By SplitShire. CC0 Creative Commons.

Mexico’s presidential elections continue dominating local airwaves. But with little word on healthcare policy, the sector continues its calls for clear proposals from candidates. Funsalud’s Executive President urged candidates to present their health proposals. The Mexican Center of Economic and Budget Research informed that providing universal healthcare for Mexico, a stated objective of all candidates, would cost MX$915 million.

Bayer’s acquisition of Monsanto remains in the spotlight. In Mexico, Bayer will be forced to sell its genetically modified businesses before the acquisition. Gilead expands its HIV line and Merck’s drug for lung cancer shows positive results. Researchers reported an increase in mortality risk caused by workplace stress in men with previous cardiovascular diseases.

Mexico Health Review spoke with Novo Nordisk’s Yiannis Mallis on the company’s plans to fight obesity and diabetes

Now, jump into last week’s highlights:



With the presidential elections looming closer, Funsalud’s Executive President, Hector Valles, called for candidates to present clear policies to address healthcare.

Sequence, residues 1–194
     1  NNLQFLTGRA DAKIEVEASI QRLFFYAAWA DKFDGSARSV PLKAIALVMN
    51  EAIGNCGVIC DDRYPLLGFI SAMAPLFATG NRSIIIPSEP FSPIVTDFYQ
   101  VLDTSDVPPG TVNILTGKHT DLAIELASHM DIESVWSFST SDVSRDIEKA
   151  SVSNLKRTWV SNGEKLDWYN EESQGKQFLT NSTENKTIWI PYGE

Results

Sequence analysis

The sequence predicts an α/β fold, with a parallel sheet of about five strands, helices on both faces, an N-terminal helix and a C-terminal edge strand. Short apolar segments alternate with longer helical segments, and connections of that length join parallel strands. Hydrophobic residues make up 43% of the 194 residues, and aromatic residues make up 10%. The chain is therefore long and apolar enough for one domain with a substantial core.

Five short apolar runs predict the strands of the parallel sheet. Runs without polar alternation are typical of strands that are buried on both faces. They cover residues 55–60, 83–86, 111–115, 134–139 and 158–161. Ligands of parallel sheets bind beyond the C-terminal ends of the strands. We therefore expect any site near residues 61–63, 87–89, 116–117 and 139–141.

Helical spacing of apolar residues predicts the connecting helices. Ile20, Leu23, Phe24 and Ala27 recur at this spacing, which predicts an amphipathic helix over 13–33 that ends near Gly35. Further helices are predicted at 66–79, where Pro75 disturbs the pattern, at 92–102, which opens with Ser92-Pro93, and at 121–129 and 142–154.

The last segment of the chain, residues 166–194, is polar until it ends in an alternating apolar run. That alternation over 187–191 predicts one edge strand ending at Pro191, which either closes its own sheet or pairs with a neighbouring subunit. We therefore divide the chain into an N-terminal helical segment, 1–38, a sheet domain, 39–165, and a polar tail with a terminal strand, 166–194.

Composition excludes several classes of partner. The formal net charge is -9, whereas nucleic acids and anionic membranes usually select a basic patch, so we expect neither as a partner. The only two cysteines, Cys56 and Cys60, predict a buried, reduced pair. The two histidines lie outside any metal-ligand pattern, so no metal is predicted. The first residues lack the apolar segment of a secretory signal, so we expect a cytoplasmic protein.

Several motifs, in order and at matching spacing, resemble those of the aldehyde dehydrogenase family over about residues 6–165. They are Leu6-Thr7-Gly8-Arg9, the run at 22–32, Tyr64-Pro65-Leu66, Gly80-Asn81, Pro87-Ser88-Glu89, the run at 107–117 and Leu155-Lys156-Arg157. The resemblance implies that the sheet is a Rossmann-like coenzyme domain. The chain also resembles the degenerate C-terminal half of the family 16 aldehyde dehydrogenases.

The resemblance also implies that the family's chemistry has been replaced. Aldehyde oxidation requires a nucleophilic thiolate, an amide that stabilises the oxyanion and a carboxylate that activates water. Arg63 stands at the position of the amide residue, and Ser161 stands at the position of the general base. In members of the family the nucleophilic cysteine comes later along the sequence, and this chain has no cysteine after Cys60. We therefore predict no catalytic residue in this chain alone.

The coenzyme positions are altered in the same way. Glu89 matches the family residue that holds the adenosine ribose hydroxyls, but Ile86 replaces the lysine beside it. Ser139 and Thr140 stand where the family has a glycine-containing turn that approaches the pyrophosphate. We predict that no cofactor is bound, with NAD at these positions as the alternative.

The Mexican Center of Economic and Budget Research estimated that covering the entire Mexican population for 13 key diseases would cost MX$915 billion. The diseases included would be HIV, hypertension, diabetes and depression among many other.

Farmacias Guadalajara allies with BBVA Bancomer to allow clients to pay through BBVA Wallet or through Sticker Wallet.

Bayer closes deal to buy Monsanto for US$63 billion and plans to retire Monsanto’s name. Mexico’s Federal Commission of Economic Competition (COFECE) conditioned the merger in the country to the sale of its genetically modified seed and cotton business.



Gilead partners with immunotherapy company Hookipa Biotech to expand its HIV and Hepatitis B drug portfolio.

In an effort to cut drug prices, the FDA looks toward speeding up the approval times for rival drugs and shorten drug monopolies. Pharmaceutical companies have not welcomed the idea.

Merck’s Keytruda, for the treatment of newly diagnosed squamous lung cancer, has proven to improve survival as a standalone medication.

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